Trigger Finger

Stenosing Tenosynovitis, or trigger finger is a snapping or locking condition caused by inflammation of the tendons that flex your fingers.  The flexor tendon glides easily through the covering tissue (sheath) due to the membrane that surrounds joints (synovium).  This helps to keep them lubricated.  If the tendon becomes inflamed, it can lead to long-term scarring and thickening that affects the motion of the tendon.  This happens when the inflamed tendon is pulled through a narrowed sheath, causing it to snap or pop.


It can cause tenderness and pain and limit your finger’s movement, making it difficult to bend and straighten your finger.  Trigger finger most often affects the right or left index finger, but it can affect any finger in the hand, and more than one at a time.


Risk Factors

Repetitive trauma is often the cause of trigger finger, with activities such as gardening (pruning and clipping) common risk factors.


It is sometimes an associated condition resulting from an underlying illness or medical condition, causing inflammation of tissues of the hand.  Typical conditions include rheumatoid arthritis, which causes inflammation around the tendons of the palm of the hand where trigger finger can develop.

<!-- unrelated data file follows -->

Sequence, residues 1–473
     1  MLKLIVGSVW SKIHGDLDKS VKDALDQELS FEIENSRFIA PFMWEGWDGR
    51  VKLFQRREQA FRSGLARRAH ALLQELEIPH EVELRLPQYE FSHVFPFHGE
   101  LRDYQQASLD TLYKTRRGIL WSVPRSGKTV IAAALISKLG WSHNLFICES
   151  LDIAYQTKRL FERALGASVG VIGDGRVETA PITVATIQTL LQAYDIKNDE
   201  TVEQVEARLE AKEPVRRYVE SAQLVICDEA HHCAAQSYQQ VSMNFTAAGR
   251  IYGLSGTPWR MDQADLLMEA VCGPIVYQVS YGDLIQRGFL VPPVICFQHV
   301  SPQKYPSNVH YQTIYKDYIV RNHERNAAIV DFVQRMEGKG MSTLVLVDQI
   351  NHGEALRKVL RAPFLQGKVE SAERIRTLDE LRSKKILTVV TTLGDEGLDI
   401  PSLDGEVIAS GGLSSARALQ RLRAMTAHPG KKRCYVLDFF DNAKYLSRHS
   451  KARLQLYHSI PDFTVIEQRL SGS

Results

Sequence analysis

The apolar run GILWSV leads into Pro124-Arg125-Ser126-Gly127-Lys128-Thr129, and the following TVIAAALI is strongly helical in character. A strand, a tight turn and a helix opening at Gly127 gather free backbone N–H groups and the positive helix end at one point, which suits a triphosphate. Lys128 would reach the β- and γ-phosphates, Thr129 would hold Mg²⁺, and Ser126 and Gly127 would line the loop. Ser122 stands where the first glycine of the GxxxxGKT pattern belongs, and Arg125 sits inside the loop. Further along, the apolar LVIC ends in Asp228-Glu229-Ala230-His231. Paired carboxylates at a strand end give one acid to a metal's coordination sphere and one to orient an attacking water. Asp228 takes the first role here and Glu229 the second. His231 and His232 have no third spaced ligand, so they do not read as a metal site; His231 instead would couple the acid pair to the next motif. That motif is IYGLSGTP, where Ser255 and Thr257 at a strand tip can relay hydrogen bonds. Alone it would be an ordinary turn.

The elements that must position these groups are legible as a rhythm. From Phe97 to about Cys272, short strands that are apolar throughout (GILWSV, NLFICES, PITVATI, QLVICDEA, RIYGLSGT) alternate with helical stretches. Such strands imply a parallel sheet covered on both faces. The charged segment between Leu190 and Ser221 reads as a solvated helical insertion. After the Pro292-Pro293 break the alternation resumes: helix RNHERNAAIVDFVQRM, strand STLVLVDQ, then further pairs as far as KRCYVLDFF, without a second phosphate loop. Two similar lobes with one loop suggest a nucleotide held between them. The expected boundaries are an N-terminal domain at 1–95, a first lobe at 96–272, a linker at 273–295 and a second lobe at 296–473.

Other risk factors include:


  • Health conditions such as diabetes, gout, rheumatoid arthritis, tuberculosis and hypothyroidism
  • Performing repetitive activities
  • Age – individuals aged 40 – 60 are more at risk
  • Women are more at risk than men
  • Surgery following carpal tunnel syndrome, particularly in the first 6 months
  • Occupation – it is common amongst industrial workers, farmers, musicians and anyone who repeats finger and thumb movements.


Symptoms of Trigger Finger

Early symptoms can be mild and become worse over time.  It tends to be worse in the morning, with the finger relaxing and moving more easily throughout the course of the day.  Typical symptoms include:


  • A painful snapping or clicking as you move your finger